Date of Award
D.S.W. Social work
Stephen W. Stoeffler, Ph.D., LSW
Juliana Svistova, MSW, Ph.D.
Heather L. Girvin, Ph.D.
Since the inception of the profession, social workers have struggled to identify a common understanding of social work, its fundamental activity, and the role of the worker. Utilizing a phenomenological approach, this qualitative study explored the following questions: 1) What is the participant’s lived experience of social work identity? and 2) How is this understanding of identity similar to or different from that of other helping professionals who perform similar activities? Semi-structured interviews, conducted with 22 social workers in the field, diverse in education, practice area, and experience, highlighted parallels among the various experiences, and advanced the exploration of the essence of social work identity. The interviews investigated the presence of role ambiguity and/or role conflict in the experience of each social work participant, as well as their response orientation to conflict (i.e., expedient, moral, and moral-expedient) and the possible effects of ambiguity (i.e., super and sub identities) on their understanding of their own social work identity. While saturation was not reached, the analysis indicated that the participant’s job description, workplace expectations, and their inability to adequately distinguish their role and activity from that of other helping professional preforming the same task or occupying the same role affected the understanding many had of their own social work identity. Themes included super and subordinate orientations, role or activity dominance, identity modifiers, and conflict resolution orientations. These findings may be used to inform future research of social work identity as well as the unifying element(s) of the profession.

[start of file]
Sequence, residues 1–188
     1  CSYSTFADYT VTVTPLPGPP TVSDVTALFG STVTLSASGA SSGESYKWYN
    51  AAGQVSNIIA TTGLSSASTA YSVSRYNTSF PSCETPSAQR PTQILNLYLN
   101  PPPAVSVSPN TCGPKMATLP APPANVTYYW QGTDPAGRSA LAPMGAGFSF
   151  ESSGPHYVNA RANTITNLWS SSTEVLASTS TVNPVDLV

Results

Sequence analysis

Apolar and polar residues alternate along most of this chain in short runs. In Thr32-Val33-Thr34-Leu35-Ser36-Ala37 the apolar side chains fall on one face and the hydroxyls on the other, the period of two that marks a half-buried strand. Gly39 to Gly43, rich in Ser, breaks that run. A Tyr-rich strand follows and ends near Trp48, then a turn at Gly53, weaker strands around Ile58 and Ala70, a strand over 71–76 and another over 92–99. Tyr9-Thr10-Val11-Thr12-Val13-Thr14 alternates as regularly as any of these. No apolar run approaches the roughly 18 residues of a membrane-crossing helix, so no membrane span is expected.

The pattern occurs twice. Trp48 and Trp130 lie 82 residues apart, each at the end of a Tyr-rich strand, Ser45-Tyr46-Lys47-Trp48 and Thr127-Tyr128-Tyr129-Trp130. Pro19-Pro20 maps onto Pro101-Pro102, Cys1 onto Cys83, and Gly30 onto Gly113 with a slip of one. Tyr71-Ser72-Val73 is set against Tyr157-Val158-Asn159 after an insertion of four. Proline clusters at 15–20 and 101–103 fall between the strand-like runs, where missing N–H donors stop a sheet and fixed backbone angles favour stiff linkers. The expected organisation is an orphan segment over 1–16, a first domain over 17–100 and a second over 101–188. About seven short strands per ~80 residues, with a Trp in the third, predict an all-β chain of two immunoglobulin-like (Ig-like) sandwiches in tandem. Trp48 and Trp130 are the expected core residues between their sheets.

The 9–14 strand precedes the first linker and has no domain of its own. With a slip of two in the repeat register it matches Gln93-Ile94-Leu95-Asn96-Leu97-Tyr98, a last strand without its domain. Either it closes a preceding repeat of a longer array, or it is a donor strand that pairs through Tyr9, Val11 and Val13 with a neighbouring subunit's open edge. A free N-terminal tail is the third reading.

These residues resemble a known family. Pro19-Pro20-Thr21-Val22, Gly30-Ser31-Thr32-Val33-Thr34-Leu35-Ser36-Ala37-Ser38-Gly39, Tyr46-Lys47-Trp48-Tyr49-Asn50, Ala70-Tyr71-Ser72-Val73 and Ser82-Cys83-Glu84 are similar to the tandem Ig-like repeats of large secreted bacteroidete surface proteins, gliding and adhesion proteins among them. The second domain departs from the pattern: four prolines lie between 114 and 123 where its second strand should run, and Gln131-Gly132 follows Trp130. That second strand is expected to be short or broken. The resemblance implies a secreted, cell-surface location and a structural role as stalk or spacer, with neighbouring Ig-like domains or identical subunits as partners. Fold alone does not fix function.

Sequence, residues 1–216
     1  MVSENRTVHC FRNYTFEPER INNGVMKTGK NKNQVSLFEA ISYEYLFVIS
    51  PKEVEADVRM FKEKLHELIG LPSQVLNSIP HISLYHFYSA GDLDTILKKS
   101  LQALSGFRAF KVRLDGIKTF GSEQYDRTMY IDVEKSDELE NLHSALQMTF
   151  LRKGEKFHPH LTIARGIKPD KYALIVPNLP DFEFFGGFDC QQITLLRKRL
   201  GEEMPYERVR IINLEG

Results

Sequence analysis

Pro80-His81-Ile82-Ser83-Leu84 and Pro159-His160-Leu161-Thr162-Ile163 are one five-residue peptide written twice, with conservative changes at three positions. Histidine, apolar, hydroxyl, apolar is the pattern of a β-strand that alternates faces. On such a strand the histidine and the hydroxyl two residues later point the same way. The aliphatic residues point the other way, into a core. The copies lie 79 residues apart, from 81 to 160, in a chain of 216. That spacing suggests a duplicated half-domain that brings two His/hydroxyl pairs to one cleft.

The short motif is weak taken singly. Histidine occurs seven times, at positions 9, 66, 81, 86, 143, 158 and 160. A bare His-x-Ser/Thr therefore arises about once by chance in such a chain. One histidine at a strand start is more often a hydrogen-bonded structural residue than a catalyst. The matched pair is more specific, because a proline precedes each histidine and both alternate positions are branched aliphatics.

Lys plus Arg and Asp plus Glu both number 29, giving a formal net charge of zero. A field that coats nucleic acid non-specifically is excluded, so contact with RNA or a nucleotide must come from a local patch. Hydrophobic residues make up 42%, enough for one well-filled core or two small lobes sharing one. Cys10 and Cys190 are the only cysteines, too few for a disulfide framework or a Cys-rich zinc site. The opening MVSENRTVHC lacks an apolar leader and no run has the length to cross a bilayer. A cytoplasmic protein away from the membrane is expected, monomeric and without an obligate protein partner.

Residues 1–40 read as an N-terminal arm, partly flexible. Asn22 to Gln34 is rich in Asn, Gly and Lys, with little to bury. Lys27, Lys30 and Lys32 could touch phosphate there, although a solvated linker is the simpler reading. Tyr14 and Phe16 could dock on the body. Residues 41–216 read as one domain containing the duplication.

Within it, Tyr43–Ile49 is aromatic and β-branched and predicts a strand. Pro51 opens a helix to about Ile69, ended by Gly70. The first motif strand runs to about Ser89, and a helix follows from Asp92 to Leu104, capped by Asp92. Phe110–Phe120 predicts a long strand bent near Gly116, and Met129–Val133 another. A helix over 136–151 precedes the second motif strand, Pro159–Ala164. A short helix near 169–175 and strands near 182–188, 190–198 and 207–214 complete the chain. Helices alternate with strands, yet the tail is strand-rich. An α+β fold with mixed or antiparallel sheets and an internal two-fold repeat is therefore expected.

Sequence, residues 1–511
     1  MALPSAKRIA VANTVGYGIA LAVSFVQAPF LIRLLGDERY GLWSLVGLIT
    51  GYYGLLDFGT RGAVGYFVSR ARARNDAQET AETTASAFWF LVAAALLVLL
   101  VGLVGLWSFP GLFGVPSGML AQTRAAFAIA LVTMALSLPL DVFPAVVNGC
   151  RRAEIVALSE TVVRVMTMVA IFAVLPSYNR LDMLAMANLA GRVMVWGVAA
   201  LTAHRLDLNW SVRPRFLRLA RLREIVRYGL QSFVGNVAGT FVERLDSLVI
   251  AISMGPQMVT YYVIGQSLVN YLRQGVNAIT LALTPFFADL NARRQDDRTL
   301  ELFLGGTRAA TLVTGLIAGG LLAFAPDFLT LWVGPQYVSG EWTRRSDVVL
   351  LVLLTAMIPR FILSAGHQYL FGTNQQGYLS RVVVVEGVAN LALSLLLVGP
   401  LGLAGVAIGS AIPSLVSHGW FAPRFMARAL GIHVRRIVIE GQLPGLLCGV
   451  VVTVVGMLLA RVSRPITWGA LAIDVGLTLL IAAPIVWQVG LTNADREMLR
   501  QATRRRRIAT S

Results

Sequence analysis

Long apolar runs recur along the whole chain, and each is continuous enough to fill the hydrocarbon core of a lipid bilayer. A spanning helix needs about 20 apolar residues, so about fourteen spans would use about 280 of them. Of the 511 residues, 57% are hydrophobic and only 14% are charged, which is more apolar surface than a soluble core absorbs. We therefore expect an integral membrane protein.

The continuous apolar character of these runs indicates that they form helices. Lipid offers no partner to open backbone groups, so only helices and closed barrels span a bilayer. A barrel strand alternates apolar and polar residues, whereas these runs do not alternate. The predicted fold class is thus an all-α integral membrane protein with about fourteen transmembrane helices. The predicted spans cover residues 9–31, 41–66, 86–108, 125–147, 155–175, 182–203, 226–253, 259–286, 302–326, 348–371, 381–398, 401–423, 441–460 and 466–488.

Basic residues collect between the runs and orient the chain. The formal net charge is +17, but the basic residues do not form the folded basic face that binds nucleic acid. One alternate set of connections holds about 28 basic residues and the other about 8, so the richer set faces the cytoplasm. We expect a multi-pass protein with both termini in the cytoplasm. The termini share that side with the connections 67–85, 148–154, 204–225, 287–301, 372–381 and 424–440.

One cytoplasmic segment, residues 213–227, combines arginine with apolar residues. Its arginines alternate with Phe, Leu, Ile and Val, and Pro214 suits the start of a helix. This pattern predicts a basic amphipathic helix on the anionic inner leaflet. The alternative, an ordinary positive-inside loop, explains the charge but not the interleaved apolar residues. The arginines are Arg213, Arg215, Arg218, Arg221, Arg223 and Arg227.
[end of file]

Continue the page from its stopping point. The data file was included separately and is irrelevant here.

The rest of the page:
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Hassler, Michael W., "Who Do We Think We Are? A Qualitative Exploration of Social Work Identity" (2021). Social Work Doctoral Dissertations. 15.